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Kate Bishop and Clint Barton suit up and draw their arrows in the ‘Hawkeye’ finale, now streaming on Disney+ (Photo provided via @TomsPettys on Twitter)

TV Review: The ‘Hawkeye’ finale falls short of expectations, potential

Hawkeye has been fantastic for its entire runtime before this week’s finale. However, Marvel has struggled with its previous series to stick the landing, and that trend continues here. This episode isn’t bad, especially compared to The Falcon and The Winter Soldier’s finale, but it features some truly puzzling decisions and disappointing story conclusions. 

I think this episode’s disappointment isn’t entirely its own fault, mostly due to Marvel fans being spoiled by a fantastically exciting Spider-Man film last week, but this finale is underwhelming nonetheless.

“So This Is Christmas?” picks up immediately following last week’s reveal that Eleanor is working with Kingpin, AKA Wilson Fisk (Vincent D’Onofrio), and was the one to put the hit on Clint. 

Clint and Kate quickly enact a plan to put an end to their problems, but that’s broken up by the arrival of the tracksuit mafia and Yelena’s attempts to fulfill her contract. All the while, Clint is trying to get home and spend Christmas with his family and Kate is trying to keep her remaining family together.

The remainder of this review will contain spoilers for the entirety of Hawkeye and slight spoilers for Spider-Man: No Way Home.

The twist the series was going for with Vera Farmiga’s character, Eleanor, just doesn’t work because it’s not surprising in the slightest. She was never likable and has been noticeably shady from the start. The bait-and-switch with Jack doesn’t work either because it just feels hollow. 

With Jack being an extremely simple man who really only cares about swords and Eleanor, it would make no sense why Clint would buy into Kate’s theory about him, especially knowing that Kate doesn’t like Jack and is actively looking for an out with him. It’s frustrating how little intelligence Marvel thinks both its audience and characters have. 

They’ve all seen movies and TV shows before Marvel. They know the clichés, tropes and conventions being used, especially when a show is being far from subtle about it.

At least there are a few saving graces, though. Each scene Florence Pugh appears in is pitch-perfect and just a lot of fun. Her chemistry with Hailee Steinfeld is palpable, and I really hope this series is far from the last time they get to interact with one another on screen.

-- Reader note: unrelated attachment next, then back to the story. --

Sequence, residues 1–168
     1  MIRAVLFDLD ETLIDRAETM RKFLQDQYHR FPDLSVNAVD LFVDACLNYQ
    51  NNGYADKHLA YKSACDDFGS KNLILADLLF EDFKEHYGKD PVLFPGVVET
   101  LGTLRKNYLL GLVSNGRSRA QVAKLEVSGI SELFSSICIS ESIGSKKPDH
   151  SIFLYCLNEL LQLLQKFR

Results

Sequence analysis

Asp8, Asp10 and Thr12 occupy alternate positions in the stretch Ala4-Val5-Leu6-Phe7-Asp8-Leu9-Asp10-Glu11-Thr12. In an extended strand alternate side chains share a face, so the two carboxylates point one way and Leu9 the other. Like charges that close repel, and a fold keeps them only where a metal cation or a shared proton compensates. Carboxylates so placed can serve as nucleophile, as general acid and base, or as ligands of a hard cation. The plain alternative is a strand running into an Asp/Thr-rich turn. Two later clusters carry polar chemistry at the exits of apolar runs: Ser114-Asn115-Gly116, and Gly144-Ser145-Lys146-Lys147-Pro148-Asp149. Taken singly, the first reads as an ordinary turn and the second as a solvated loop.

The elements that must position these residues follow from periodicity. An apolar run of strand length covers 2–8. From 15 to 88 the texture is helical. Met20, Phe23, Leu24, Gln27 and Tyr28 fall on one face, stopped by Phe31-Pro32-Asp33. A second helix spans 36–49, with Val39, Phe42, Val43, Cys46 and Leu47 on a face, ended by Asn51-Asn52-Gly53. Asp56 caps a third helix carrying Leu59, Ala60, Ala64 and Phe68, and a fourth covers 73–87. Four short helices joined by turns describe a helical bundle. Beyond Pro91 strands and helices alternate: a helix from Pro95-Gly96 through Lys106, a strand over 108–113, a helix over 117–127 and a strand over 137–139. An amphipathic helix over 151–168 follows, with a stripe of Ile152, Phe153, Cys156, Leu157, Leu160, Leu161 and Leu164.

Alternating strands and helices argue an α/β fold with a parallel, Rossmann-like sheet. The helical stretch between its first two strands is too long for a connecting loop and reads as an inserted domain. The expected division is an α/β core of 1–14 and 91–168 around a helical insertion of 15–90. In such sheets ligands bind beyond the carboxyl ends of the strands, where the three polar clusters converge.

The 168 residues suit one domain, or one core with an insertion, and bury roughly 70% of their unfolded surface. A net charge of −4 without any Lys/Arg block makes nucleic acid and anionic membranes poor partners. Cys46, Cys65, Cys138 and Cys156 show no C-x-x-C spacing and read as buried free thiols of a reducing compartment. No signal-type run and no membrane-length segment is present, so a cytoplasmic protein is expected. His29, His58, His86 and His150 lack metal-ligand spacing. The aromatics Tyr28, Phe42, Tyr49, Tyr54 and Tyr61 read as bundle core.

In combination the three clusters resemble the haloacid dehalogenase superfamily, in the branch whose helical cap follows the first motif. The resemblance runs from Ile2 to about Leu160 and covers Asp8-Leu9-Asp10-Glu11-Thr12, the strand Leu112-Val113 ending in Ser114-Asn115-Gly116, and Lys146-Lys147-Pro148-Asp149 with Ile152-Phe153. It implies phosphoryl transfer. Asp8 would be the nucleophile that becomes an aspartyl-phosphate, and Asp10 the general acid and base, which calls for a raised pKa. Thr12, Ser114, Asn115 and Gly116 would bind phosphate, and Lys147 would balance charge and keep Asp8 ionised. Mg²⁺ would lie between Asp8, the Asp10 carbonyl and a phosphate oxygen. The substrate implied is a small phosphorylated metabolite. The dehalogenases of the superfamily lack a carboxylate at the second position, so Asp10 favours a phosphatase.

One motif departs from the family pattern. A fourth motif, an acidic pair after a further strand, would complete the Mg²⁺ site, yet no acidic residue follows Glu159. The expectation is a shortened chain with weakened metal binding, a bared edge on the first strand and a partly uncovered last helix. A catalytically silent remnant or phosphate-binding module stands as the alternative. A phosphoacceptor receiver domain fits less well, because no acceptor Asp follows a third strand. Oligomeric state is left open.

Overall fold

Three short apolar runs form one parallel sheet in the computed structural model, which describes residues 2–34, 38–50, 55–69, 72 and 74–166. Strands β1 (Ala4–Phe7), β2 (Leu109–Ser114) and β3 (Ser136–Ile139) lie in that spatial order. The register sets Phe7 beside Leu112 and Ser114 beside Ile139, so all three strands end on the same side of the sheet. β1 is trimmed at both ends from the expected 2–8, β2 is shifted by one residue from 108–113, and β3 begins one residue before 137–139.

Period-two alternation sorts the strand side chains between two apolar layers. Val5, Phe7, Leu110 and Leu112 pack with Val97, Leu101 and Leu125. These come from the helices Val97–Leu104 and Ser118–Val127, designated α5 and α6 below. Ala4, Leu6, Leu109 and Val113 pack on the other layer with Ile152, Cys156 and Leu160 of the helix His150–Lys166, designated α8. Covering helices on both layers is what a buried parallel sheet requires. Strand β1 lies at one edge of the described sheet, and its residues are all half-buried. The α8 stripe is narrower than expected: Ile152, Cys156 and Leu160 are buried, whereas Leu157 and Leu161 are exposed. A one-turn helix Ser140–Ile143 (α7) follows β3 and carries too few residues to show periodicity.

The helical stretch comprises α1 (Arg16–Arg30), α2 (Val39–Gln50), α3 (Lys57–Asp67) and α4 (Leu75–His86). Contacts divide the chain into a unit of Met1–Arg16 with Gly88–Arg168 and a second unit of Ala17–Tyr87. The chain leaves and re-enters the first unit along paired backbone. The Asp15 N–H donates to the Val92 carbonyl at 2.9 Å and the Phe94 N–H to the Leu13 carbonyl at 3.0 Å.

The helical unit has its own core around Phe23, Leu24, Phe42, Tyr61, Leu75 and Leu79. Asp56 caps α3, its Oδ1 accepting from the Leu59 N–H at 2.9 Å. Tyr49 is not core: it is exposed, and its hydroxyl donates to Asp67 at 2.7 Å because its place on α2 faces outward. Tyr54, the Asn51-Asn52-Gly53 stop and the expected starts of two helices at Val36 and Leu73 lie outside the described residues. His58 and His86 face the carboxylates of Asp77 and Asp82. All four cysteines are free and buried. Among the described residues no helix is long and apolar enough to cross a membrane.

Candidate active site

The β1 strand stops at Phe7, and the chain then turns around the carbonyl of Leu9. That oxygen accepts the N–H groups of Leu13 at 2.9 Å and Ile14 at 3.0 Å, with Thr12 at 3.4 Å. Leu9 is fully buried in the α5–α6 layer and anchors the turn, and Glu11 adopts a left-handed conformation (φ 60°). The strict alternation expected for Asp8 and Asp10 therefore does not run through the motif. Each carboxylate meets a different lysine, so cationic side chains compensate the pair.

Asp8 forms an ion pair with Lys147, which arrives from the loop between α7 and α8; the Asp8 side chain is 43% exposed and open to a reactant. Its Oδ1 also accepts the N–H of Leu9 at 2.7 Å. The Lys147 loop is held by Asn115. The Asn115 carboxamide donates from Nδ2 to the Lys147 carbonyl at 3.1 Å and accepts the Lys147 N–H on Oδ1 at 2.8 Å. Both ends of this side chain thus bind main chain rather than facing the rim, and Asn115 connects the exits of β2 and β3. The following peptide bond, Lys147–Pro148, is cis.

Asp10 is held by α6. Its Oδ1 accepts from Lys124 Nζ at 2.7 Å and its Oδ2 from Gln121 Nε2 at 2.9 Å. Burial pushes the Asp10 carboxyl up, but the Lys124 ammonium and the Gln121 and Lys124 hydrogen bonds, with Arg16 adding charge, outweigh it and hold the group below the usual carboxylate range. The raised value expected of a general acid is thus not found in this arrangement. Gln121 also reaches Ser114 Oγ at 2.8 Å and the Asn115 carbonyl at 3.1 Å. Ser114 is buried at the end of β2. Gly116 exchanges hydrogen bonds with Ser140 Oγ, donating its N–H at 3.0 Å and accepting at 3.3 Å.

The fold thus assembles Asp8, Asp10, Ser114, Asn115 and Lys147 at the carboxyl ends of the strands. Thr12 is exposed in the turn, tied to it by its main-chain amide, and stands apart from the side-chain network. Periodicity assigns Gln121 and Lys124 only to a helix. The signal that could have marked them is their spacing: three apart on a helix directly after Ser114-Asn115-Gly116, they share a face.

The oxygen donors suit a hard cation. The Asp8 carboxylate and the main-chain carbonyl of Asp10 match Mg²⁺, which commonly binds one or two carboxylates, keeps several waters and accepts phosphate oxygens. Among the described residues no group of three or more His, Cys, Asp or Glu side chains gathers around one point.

The action on display is also really fun, with punches thrown, trick arrows flying and swords clashing. Sure, the implied violence is at odds with the series’ overall light tone, but it somehow works, even if Kate would be seriously traumatized for the death and damage she causes here.

I think this episode’s biggest flaws come with the fact that it’s just not a satisfying conclusion to this story or these characters. Especially since the post-credits scene is just the full “Save The City” performance from the fictional Rogers: The Musical, and doesn’t give any teases or hints about what’s next for these characters in the Marvel Cinematic Universe. Some characters get much less satisfying conclusions than the main duo though.

Fans have been clamoring for D’Onofrio’s Kingpin to return ever since Netflix’s cancellation of Daredevil in late 2018 — their desire being justified based on his stellar performance in that show. Last week, it was revealed that he would be officially returning to the role on a much larger stage, and Charlie Cox was confirmed to be returning to the Daredevil character in Spider-Man: No Way Home; it seemed fated that these two would meet again.

Despite the clear potential for both fan service and common sense storytelling, as Daredevil and Kingpin are essentially connected at the hip when it comes to villain-hero relationships; Marvel decided to kill off Kingpin in this episode for seemingly no real reason. 

Yes, he was killed off-screen, so it was most likely a fake-out, but the fact that they would even allude to killing him off this early into his return is insulting to the audience, the character and D’Onofrio. This decision, whether intentionally misleading or not, is just pointless. 

That death scene also serves as the last time we see Alaqua Cox’s Echo, making her future in the MCU uncertain even though she’s slated to have her own Disney+ series at some point. It’s an odd choice to leave her future so open when Marvel has the opportunity to make it and her costars’ futures more certain in a post-credits scene or even during the actual runtime.

Speaking of Marvel’s future, there isn’t much on the horizon until Doctor Strange in the Multiverse of Madness releases in May next year. That’s a five-month gap with no new Marvel content; a massive gap considering the sheer quantity of Marvel releases this year — which makes the lack of a real post-credits scene even more puzzling. 

Why would Marvel intentionally troll their audience with a five-minute fictional Broadway performance instead of teasing them with what’s coming next when they know that they have to keep their fans’ attention due to having no content in the immediate future? It’s just odd.

The finale of Hawkeye fits into the mold of other Marvel Disney+ finales: fumbling potential while still having solid moments. It’s hard not to be disappointed with this series now that it’s over, especially since the rest of it was so consistently good. 

I love Marvel and what it does, but I also don’t love it to the point that I can’t call it out when need be. If anything, this series serves as a solid Christmas special for Marvel fans until the Guardians of the Galaxy special next year. Now begins the long wait for Multiverse of Madness


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